In response to lawsuit, city denies claims that Queens Road taxing districts are unlawful

photo by: Mike Yoder

Queens Road is pictured on Nov. 29, 2018.

The city of Lawrence is denying claims that the taxing districts it created to pay for the multimillion-dollar reconstruction of Queens Road were set up improperly.

Earlier this month, a homeowner in the special taxing districts filed a lawsuit in Douglas County District Court against the city. The homeowner, Kurt Schaake, is asking that the project be halted so that the case can be heard. The lawsuit claims the taxing districts, under which property owners near Queens Road would pay most of the cost of the improvements, are inequitable and not in line with state law.

The lawsuit makes several claims against the city, including that the boundaries and assessment method used for the taxing districts are “arbitrary and capricious” and therefore don’t comply with state law. The city denies those claims and says instead that the districts are reasonable and lawful.

The boundary lines of the districts are not uniform and the city is calculating how much each property owner will pay based on the area of each parcel, with each property owner being charged the same amount per square foot.

Specifically, the lawsuit states that properties halfway to the next adjacent minor arterial road presumably benefit from a road project, and that the “widely varying boundaries” of the districts created by the city are inconsistent and therefore unlawful. In its response, the city states that boundary lines in taxing districts are not an exact science and that nothing in the law prescribes what the shape of a district should be. The city states that it considers factors such as plats, neighborhoods, street networks, access, proximity and contributions to other improvement districts when creating taxing districts.

In relation to the assessment method, the lawsuit also claims that higher-density properties, such as The Links apartment complex, benefit more from the project than lower-density properties. Therefore, it states that assessing the taxes per square foot shifts a portion of the taxes from properties creating the greatest demand to those creating the least demand. In its response, the city denied those claims, noting that The Links is being assessed 25 percent of the project’s costs and stating that assessment on a square-foot basis is a legal method of assessment.

Two benefit districts will fund the $5.3 million Queens Road project: one that funds the $4.85 million reconstruction of Queens Road itself, from Sixth Street to Eisenhower Drive; and another that funds $450,000 of improvements to the intersection at Sixth Street and Queens Road, including the addition of a traffic signal.

In October, Lawrence city commissioners approved a plan to have nearby property owners pay the majority of the project’s costs. Commissioners generally agreed that since the city has been using benefit districts to pay for infrastructure in new developments for decades, it would not be fair to deviate from that and have the city, or taxpayers at large, fund a larger portion of the project.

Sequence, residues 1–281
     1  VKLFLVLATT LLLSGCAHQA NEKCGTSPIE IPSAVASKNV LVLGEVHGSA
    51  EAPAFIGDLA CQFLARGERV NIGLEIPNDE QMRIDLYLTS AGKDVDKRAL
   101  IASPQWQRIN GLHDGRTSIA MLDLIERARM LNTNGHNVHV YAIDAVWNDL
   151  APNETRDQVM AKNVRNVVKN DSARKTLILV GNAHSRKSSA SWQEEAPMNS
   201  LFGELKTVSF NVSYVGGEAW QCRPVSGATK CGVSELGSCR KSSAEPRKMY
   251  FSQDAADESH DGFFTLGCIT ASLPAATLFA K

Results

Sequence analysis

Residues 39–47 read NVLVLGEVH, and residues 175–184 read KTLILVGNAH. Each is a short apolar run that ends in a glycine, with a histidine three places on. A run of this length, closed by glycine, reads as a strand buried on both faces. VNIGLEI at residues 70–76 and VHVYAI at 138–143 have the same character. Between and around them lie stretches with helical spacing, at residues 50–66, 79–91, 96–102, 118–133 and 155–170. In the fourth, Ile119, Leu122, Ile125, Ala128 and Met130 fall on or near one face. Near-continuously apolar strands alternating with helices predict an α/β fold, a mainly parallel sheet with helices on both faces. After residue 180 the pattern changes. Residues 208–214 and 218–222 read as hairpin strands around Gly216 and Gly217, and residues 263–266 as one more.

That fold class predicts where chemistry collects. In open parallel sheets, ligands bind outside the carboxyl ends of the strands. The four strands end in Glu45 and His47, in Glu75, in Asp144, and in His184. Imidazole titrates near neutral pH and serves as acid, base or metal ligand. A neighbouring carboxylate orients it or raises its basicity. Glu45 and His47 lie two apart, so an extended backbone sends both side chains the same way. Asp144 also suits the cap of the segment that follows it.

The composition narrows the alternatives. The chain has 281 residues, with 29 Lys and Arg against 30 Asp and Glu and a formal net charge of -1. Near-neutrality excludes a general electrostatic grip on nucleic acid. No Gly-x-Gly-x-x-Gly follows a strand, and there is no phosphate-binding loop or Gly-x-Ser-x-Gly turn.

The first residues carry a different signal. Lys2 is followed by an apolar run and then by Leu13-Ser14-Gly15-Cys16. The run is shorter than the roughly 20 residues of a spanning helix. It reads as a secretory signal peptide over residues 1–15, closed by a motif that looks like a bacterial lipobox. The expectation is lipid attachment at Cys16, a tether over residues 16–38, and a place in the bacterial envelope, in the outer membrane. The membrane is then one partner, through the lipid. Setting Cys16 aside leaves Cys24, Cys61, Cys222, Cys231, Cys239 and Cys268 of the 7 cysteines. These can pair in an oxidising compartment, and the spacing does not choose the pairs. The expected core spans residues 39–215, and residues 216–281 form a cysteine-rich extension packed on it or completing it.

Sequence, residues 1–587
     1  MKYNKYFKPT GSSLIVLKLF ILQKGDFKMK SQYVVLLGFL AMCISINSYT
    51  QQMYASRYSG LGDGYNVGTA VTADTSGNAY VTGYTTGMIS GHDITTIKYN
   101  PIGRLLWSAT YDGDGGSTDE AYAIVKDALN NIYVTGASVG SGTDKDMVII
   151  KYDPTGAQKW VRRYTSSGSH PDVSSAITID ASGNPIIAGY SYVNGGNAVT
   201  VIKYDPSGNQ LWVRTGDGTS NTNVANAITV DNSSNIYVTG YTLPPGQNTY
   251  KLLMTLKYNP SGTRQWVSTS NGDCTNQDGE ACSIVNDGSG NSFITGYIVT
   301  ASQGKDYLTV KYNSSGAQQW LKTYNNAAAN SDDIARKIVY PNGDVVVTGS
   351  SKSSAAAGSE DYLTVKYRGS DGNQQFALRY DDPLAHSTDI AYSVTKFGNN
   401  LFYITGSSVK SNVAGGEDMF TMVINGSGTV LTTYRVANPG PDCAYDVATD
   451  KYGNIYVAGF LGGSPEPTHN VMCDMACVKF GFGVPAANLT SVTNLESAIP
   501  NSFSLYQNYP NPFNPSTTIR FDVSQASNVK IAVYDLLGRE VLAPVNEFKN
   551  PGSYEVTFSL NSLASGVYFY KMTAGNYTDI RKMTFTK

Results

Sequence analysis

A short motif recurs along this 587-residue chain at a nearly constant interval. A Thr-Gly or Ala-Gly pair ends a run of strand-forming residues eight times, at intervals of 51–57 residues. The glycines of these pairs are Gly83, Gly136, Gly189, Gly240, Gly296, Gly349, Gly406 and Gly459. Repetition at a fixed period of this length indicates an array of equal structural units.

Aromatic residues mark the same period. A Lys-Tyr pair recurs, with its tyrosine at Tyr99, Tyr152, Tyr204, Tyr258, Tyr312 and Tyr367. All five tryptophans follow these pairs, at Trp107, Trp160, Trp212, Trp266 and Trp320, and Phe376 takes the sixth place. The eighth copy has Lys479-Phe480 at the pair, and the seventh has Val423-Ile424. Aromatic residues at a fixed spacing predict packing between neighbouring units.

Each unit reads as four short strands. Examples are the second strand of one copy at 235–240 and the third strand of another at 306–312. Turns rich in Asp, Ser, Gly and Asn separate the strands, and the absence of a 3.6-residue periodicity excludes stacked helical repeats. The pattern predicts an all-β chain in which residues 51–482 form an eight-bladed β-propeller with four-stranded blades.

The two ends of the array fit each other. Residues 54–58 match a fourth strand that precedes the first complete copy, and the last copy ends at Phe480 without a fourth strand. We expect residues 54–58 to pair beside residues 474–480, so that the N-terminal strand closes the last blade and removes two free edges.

The city is going to pay about $640,000 toward the project, or about 12 percent of the total costs of the road and intersection. The commercial and multifamily developments will pay for about 67 percent of the costs. The approximately 20 percent remaining will be paid by the single-family homes, which amounts to thousands of dollars for most homeowners.

In addition to the claims about the districts, the lawsuit also states that the additional taxes will cause property values in the districts to go down. Therefore, the lawsuit states the city is “taking” property without compensation, constituting an “inverse condemnation.” Schaake is seeking a temporary injunction to stop the city from assessing or collecting the taxes until the case is heard.

The city also states that assessing taxes does not constitute “taking” a property under the law and filed a motion to have Schaake’s claim of inverse condemnation and injunction dismissed. The city is asking that Schaake pay costs associated with the lawsuit and that the city be provided any further relief the court deems just and equitable.

City Attorney Toni Wheeler said that at this time the city has nothing to add concerning the documents filed with the court.

The city’s motion will be considered at 2 p.m. on Feb. 14. A hearing for Schaake’s request for a temporary injunction is scheduled for 10:30 a.m. Feb. 25.

Recent coverage

Jan. 22, 2019 — Lawsuit filed against city of Lawrence over Queens Road taxing districts

Dec. 4, 2018 — Lawrence City Commission denies Queens Road protest petitions, finalizes special taxing districts

Dec. 2, 2018 — Neighbors file protest petitions against Queens Road tax districts; city staff says that isn’t enough to stop the process

Oct. 21, 2018 — Debate over multimillion-dollar Queens Road benefit districts raises questions for all homebuyers

Oct. 3, 2018 — City leaders move ahead on $5.3 million Queens Road project; nearby property owners to pay most of costs

Oct. 1, 2018 — Lawrence City Commission to decide who will see tax bill increase for Queens Road

Sept. 3, 2018 — Lawrence City Commission to consider benefit district boundaries for Queens Road

Aug. 17, 2018 — Town Talk: Hundreds of unsuspecting homeowners may see tax bills rise to pay for northwest Lawrence road project


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